Pennsylvania stands to receive an immediate return of more than $100 million and tax revenue in the $40 to $50 million range if it simply adopts the successful model of its neighbor to the east, New Jersey.
Yet the Pennsylvania legislature continues to float alternative proposals that would put this at risk. Here is the latest example:
It appears that the PA Lottery could administer iGaming more
efficiently than the gaming industry & still make substantial profits.
— Senator Joe Scarnati (@senatorscarnati) April 25, 2017
Whether it’s severely limiting the number of skins, imposing a high tax rate, or the latest proposal that the state lottery — and not the commercial casino industry — should operate online gambling sites, Pennsylvania lawmakers are playing a dangerous game.
At best, they’re delaying online gambling legalization, which means they’re delaying revenue flowing into the state’s coffers. At worst, they’re trying to kill online gambling and, with no other proposals on the table, all but ensuring tax increases are coming.
Assuming they’re not playing politics or trying to deftly kill the bill, legislators are seeking a solution to a problem that doesn’t exist.
It’s not just about revenue for online gambling
Chris Grove laid out the many reasons why placing online gambling under the stewardship of the state lottery is a bad idea in this column. In a more general sense, refer back to what former Gaming Oversight Chairman John Payne said in a 2015 interview, when he first began pushing for online gambling in Pennsylvania.
“My mission statement is to keep gaming in general healthy, but in particular to make sure our casinos stay healthy and competitive against our surrounding states,” Payne said.
Putting online gambling under the control of the state lottery would do no such thing. Instead of adding another arrow to the quiver of Pennsylvania casinos, it would put them at a competitive disadvantage to casinos in surrounding states.
Yes, online gambling is meant to put a chunk of money in the state’s coffers. But at the same time it’s also meant to strengthen the state’s commercial casinos. The Pennsylvania casino industry employs tens of thousands of people and sends more than a billion dollars in tax revenue to the state every year.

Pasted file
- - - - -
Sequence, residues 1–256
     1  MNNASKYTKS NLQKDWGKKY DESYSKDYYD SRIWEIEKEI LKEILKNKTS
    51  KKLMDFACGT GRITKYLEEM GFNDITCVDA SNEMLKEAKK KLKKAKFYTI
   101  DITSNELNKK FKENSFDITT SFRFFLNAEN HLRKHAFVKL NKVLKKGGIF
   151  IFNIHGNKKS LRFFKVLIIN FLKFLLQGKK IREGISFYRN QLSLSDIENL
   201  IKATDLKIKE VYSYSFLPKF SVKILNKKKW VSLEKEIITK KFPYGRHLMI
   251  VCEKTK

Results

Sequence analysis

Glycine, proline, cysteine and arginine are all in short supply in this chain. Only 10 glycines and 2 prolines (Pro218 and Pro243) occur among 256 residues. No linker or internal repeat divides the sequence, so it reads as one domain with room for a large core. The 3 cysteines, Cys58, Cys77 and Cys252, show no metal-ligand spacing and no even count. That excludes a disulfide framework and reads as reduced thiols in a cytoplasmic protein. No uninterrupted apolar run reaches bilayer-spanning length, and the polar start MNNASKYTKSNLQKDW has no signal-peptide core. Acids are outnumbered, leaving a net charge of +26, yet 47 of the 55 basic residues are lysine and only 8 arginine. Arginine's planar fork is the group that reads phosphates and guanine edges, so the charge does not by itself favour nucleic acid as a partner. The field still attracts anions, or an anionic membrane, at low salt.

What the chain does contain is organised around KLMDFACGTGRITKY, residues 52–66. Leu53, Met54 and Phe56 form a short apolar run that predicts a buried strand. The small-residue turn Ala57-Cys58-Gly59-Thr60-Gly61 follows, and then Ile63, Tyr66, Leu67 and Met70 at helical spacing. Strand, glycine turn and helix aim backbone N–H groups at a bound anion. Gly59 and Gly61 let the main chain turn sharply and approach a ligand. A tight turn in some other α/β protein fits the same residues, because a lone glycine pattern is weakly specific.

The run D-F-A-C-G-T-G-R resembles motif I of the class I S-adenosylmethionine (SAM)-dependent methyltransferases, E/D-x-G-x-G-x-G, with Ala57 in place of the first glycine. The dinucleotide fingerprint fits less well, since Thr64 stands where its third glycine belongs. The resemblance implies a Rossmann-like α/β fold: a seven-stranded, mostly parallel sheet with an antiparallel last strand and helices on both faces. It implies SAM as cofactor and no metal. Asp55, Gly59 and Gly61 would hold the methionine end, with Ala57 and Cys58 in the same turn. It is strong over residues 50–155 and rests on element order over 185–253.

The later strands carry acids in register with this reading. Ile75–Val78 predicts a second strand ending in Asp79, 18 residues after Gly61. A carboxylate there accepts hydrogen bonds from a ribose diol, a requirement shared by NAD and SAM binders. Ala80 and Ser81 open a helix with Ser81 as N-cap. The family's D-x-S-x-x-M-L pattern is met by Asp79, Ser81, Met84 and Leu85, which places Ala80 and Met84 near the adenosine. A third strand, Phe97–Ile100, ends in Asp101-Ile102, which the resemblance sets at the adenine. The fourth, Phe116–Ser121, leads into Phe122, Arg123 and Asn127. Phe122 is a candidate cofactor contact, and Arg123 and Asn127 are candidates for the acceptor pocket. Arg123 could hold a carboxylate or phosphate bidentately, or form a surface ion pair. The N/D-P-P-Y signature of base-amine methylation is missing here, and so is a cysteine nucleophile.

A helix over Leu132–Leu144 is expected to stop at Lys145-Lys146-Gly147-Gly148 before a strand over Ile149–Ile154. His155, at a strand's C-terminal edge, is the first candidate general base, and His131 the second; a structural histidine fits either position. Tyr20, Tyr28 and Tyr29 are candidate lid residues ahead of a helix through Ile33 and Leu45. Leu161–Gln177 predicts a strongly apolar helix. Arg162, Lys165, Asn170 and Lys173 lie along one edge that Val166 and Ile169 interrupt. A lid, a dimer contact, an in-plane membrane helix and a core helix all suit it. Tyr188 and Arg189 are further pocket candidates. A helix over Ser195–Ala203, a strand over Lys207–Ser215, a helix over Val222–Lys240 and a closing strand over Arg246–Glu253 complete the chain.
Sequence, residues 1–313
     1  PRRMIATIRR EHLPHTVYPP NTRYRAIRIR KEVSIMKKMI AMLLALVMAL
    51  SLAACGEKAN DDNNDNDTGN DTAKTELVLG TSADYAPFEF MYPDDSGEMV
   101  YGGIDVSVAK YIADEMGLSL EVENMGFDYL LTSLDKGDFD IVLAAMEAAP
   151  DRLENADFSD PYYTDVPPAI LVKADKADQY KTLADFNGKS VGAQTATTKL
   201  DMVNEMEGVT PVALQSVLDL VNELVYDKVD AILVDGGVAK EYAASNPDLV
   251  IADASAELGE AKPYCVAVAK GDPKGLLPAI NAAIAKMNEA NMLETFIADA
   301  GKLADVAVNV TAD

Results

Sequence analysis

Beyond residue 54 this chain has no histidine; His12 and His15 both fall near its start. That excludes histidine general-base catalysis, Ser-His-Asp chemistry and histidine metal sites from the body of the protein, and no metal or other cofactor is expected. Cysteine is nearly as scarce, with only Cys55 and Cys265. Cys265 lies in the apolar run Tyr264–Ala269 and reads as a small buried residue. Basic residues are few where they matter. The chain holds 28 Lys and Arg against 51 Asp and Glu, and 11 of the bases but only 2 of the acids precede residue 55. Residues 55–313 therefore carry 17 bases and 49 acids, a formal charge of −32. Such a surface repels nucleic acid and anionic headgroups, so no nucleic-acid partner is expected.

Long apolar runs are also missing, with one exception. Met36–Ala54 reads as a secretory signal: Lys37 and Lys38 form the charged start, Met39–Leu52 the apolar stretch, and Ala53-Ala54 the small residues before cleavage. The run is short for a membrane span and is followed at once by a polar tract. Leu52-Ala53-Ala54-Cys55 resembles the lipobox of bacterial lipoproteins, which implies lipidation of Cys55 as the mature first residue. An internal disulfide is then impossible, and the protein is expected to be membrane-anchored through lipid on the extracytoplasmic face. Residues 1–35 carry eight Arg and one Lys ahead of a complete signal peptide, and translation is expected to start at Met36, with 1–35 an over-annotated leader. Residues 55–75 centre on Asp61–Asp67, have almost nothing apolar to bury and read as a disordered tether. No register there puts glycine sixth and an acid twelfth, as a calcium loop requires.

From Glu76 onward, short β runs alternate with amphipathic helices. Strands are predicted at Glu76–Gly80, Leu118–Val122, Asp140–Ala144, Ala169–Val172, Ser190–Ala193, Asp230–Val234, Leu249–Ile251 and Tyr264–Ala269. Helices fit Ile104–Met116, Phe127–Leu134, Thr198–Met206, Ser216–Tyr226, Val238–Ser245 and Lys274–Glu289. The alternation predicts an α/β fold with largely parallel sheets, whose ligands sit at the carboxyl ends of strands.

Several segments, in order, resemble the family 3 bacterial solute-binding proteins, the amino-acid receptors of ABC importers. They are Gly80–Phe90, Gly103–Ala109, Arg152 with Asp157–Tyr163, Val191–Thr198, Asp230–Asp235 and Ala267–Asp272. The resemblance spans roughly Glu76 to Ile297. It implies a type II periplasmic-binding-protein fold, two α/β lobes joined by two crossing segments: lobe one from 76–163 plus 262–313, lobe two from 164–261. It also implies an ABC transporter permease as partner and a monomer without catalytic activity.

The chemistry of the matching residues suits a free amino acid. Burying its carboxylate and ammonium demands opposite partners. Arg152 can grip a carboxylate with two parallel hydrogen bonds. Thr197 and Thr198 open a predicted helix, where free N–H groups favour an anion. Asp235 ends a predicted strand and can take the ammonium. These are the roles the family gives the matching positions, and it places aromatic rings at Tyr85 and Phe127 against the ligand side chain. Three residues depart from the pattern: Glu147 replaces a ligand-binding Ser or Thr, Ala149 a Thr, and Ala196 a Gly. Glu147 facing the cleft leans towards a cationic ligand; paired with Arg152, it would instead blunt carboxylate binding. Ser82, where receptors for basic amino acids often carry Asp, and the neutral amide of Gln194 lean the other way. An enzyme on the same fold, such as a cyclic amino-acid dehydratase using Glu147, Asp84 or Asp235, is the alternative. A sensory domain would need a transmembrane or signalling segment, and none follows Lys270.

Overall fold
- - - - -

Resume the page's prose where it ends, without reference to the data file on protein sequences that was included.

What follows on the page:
Scarnati himself didn’t want the lottery involved in online gambling
It’s not clear where Scarnati’s idea to put the PA Lottery in charge of online gambling came from. What we do know: He thought that was a really bad idea not long ago.
Here’s a story from just a few years ago where Scarnati and other top Republican lawmakers put the brakes on the lottery getting into iGaming:
But the senators, including President Pro Tempore Joe Scarnati of Jefferson County and Majority Leader Dominic Pileggi of Delaware County, now say they want the private manager’s contract rewritten to prohibit interactive video games or simulated slot machines or table games, even if there are no plans for such games. …
The worry, Scarnati said in an interview Tuesday, is the “bleeding into casino-land gambling.”
Why are those concerns suddenly out the window, when PA already has a perfectly viable strategy to implement iGaming through its casinos? That’s not clear. But online gambling should be the domain of PA’s casinos, as it can help their land-based operations in addition to creating a new revenue stream.
A dangerous game of chicken on PA iGaming
Pennsylvania lawmakers are losing sight of the forest for the trees and forgetting what the state is trying to accomplish.
The state is trying to raise revenue (immediate and long-term) and strengthen its commercial casinos. New Jersey has accomplished both of those things, as online gambling is generating money through tax revenue and licensing fees.
And as the Associated Press noted after New Jersey’s online casinos set a revenue record in March, helping Atlantic City’s land-based casinos post solid year-over-year gains, “There’s no longer much of a debate about it: Internet gambling is helping to save Atlantic City’s casinos.”
Pennsylvania has established a solid framework that would allow the state to:
- Receive an estimated $126 million from up front licensing fees
- Generate close to $50 million in tax revenue in year one: a number that will grow to $77 million by year five
- Bolster the state’s commercial casinos by giving them the tools to compete in an ever-evolving gaming world
Excessive tax rates or placing online gambling in the hands of state lottery would put all of this in jeopardy.